Sensitivity is required for healing – be it physical, emotional, mental or a combination (here’s a secret – it’s always a combination).
Because sensitivity is your ability to respond to your environment – whether that’s your physical environment or the environment of your physical body. When you can respond, rather than react, to sensations of pain and dis-ease, you keep our wits about you (i.e. you keep your personal power) and are able to listen more closely to sense what needs to happen next.
But you don’t usually start here.
I don’t know if my mom was one of those super reactive mothers (although I suspect that maybe she was, sometimes), but I learned to react to pain as if it were a big hairy spider in my bed that needed to be taken care of RIGHT NOW thankyouverymuch. Forget those nice new spider grabbers I keep seeing on Facebook – my reaction to pain was like, FIND A SHOE! OR A BOOK! OR A WHOLE BOX OF TISSUES!
You might have been taught to react to pain, too. That pain indicated that something was wrong, and you need to fix the wrong as soon as possible.
Now, I won’t deny that in some cases of acute pain or injury to the physical body, reacting to what’s wrong quickly is indicated – you need to respond to a heart attack, for example, really quickly. Or a stroke. Or a broken bone. Get thee to a hospital and get someone to help you with that shit ASAP.
Sadly, chances are that you also learned to treat emotional pain like an acute condition – something that needs to fixed immediately. That sensing and having your emotions – to their full extent – was wrong. Don’t cry here, Larry. You’re embarrassing me. And all that sensation you experience? You learn to cut it off. You see it happen all the time (and probably experienced it) – an adult telling a child to stop crying right this instant. So what does that child do? They hold their breath. They stop sensing what is real for them.
Hold your breath for a moment and notice – what do you smell? What do you taste? What do you feel in your body? A whole lotta nothing, and tension, right? You’ve essentially just cut off your sensation and your ability to feel into what’s true, important and what needs attention.
Highly sensitive people are not immune to acute physical trauma. However, the type of physical pain and dis-ease that is more common for us is the kind that creeps in, sneaks in, plays games, goes away for a day, comes back, switches sides, makes peeing feel weird and then just aches – it’s the kind of pain that is illusive.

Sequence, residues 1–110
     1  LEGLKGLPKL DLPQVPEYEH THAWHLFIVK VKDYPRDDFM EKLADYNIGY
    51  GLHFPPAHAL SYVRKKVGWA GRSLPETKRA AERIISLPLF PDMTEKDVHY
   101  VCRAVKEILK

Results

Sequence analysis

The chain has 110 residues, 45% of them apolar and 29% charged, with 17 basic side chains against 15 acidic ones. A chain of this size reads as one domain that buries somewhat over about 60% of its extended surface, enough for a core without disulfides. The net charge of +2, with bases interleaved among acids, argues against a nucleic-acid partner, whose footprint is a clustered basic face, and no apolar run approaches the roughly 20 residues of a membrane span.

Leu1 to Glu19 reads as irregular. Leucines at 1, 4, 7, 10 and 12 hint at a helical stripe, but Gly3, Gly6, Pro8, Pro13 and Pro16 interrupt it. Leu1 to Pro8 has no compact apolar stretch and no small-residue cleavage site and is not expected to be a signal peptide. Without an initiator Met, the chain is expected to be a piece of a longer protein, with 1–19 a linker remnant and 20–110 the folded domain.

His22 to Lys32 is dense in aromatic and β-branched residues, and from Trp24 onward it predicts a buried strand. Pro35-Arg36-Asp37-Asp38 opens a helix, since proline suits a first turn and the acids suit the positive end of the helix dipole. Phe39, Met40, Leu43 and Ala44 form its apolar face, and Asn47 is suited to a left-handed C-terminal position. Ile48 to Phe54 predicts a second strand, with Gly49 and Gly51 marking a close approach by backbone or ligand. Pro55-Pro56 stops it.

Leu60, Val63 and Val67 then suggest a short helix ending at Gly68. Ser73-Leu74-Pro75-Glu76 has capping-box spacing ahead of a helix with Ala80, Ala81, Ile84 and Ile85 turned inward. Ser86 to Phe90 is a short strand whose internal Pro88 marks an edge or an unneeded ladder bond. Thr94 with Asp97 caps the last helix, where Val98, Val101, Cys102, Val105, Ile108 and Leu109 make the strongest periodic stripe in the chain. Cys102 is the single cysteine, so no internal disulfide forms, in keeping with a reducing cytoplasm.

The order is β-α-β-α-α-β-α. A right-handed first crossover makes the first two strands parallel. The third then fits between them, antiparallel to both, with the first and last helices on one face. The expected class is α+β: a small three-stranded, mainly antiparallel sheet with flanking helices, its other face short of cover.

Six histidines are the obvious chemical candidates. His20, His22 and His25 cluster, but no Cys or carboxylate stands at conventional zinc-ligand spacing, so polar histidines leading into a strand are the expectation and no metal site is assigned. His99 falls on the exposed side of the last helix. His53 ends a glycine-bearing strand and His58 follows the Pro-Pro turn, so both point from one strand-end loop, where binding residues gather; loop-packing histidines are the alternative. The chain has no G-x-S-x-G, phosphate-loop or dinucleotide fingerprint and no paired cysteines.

Your emotional pain might be similar. Some weeks feel dark for no reason, others feel confusing, others are just bundles of joy on top of whipped cream on top of ripe berries, and there seems to be no rhyme or reason.
Pain that is illusive, that is changeable, that seems to have no direct cause requires response rather than reaction, and responding requires sensitivity.
(Hell, I’d argue that all pain requires sensitivity in order to make good decisions – but let’s just stick to it for the illusive stuff for now, okay?)
When you are taught that your feelings do not matter, that you must push through pain, that you must be in it to win it no matter the cost, that pain is beauty and that there is no crying in baseball, you are learning to de-sensitive yourself to what is real and true for you in your body.
Yes, pain can be uncomfortable, but it is simply a sensation that asks for your attention. For your response. For your sensitivity.
When instead, you try chatting with your feelings, pausing at pain, being in it to win it unless your body has another suggestion, see that beauty is simply not an obligation in the first place and try on the notion that crying in baseball is fine it’s just harder when you’re trying to catch a ball – you allow yourself to sensitize. You allow yourself to be responsive to what is.
When you de-sensitize, you fight reality in order to live in a delusion that makes someone else more comfortable with their reality.
When you sensitize, you allow yourself to become closer to the truth of what is.
Allowing yourself to be sensitive creates an incredible amount of permission – permission for you to show up exactly as you are and to allow others close to you to do the same (this is especially important for parents and children).
Sensitizing allows you to be with what is so that you can be empowered to get the kind of care you need – whether that’s as simple as backing off those declined push ups or more, like taking the time to shop for a practitioner who resonates with you (rather than choosing the first one who promises to “fix” you. For the record – you’re not broken).
And when you’re empowered in your health, you create real healing. Because, let’s be honest – healing is not in the hands of any practitioner – healing on a holistic level is completely up to you. You sensitivity is your ally – use it.